Churches adapting to the digital age

Photo Provided Tyler Fouss is the creative director at The Warehouse Church in Parkersburg.

PARKERSBURG — You leave the house, get in the car and head out to work when you realize you have forgotten your phone. What do you do? If you’re not too far away, you go back to get it.

That’s because so much of what happens today revolves around that small piece of electronic gadgetry. The phone may be so busy, it may have four or five screens just for all the apps or its longer terminology, applications.

And maybe, one of those apps on one of those screens is a church app.

Church, religious worship through word and song, has changed, adapted, reinvented itself through and with technological advancement. Do you remember when “words on the screen” meant an overheard projector with someone writing on transparent plastic?

Visiting missionaries did not bring videos, they presented slide shows. Songs sung were hymns. Pianos were not electronic keyboards. Tithe and offering plates actually contained cash, checks and communication cards instead of members giving online.

Photo by Jeff Baughan The North Parkersburg Baptist Church app as it appeared at launch.

Technology is changing everything. Churches are advancing communications through the use of new technology.

Several churches within the Parkersburg/Vienna area have apps. Among those are The Rock, Warehouse Church and North Parkersburg Baptist. The church app is part of the technology to adapt to members daily digital diet.

Gary DeMattia is The Rock’s IT specialist. He said the church has maintained the app “for a little over a year. It really helps to keep people up to date with what’s happening in the church.”

The Rock had the app’s creation outsourced, he said.

“We maintain the app,” he said. “We add sermon notes for the Sunday service as well as keep an archived system of sermons dating back to 2011. The sermon notes we add also have a place for congregational members to add their own notes.

“We’ve had pretty good success with it so far,” he said.

DeMattia described the church app “as basically our website. It has podcasts, donations, an events calendar, our mission and vision, we do livestreaming of each service. We’ve had pretty good success with the livestreaming so far,” he said. “We have a lot of people who work out of town.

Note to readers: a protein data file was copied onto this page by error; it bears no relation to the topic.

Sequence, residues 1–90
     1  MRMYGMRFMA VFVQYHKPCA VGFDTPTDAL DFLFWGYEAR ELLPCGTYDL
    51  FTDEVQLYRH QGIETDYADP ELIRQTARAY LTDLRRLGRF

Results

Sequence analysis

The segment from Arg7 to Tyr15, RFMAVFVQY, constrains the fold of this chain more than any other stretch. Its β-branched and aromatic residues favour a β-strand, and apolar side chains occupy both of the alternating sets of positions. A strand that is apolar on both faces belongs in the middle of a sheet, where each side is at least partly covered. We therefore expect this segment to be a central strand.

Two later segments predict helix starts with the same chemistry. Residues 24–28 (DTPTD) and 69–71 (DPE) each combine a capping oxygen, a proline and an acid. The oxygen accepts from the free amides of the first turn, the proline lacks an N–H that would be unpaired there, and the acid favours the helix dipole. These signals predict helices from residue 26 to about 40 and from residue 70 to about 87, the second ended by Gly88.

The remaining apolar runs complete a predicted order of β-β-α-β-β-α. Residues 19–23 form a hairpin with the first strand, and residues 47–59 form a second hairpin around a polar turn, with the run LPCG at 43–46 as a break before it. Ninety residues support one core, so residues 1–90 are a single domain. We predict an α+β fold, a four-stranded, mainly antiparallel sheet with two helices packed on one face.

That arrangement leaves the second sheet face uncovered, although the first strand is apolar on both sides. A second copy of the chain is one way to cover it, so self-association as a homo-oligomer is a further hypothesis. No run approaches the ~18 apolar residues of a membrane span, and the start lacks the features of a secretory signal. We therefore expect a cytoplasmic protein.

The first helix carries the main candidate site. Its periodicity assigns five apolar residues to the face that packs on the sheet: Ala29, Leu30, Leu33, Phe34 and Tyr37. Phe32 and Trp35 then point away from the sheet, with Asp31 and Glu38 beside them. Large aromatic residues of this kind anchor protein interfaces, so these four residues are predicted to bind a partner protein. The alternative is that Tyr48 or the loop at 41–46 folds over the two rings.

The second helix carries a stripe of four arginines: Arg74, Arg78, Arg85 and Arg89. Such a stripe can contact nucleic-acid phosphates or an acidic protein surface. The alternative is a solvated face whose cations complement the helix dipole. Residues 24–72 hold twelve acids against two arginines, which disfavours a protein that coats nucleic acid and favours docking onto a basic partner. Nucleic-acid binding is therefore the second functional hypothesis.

“We can tell how many times the app has been downloaded, how many times it has been logged in to and what the average time is. We don’t know who is logged in, but statistically, how many. You can have the app and know what we are about.”

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Tyler Fouss is the creative director at The Warehouse Church in Parkersburg. He said the church’s app is one which has gone through more than one change.

“We changed to the SplishSplash designed app as it was more versatile for what we wanted,” he said. “We have current sermons and past sermons, sermon notes, send notifications for groups, there is a tutorial, donating….

“The heart behind it is it’s more easy to customize,” he said. “We wanted it to be more simple and more accessible. For instance, you can register for small groups, what they are about, without having to visit a number of the groups first.”

Fouss said the church’s app could be found in whatever app store the electronic device is connected to. “And like all the church apps I have seen,” he said, “it’s free to download.”

He added the app has numerous translations of the Bible to pick from and the previous Sunday morning services are uploaded to the app by Tuesday mornings.

Fouss said the church has more than 820 people registered on the app the church communicates with. “The app is a centralized place for people to communicate and it helps to keep people connected,” Fouss said. “It loads faster than the website as the app is much more concentrated with its information. With the app, it’s like a website on a phone without having to be on the website.”

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“The church app keeps changing,” said Krista Yopp, media coordinator at North Parkersburg Baptist Church. “The app developers keep updating and adding software, allowing churches to do more and more.”

“North’s app is cleaner than the website,” said Erica Brooks, director of communications at the church. “The app is designed for the church family while a website is designed for those who aren’t. There’s a lot of the same information but it is organized differently.”

The church’s app contains a library of sermons from the last four years, according to Yopp. The sermon notes are prepared and sent to Yopp for “uploading early in the week but they are not activated until 9 a.m. that Sunday morning,” she said. “The beauty of this is you can add your own notes to the prepared notes or you can send the notes to yourself and it has the answers filled in the blanks. Then you have the outline but can add your own notes. People seem to use the app mostly to hear the current message or one from the past.”

“The message of the Gospel won’t change,” said Brooks, “but the method to communicate may change. The app helps to bridge the gap with the next generation. We’re using social communication with multigenerational churches to help us bridge that gap.”

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The top eight church app providers, according to churchtechtoday.com, are listed. The apps are listed in alphabetical order: Aware3, The Church App, Church Base, Custom Church Apps, Go Church App, Pushpay, Sharefaith and Tithe.ly.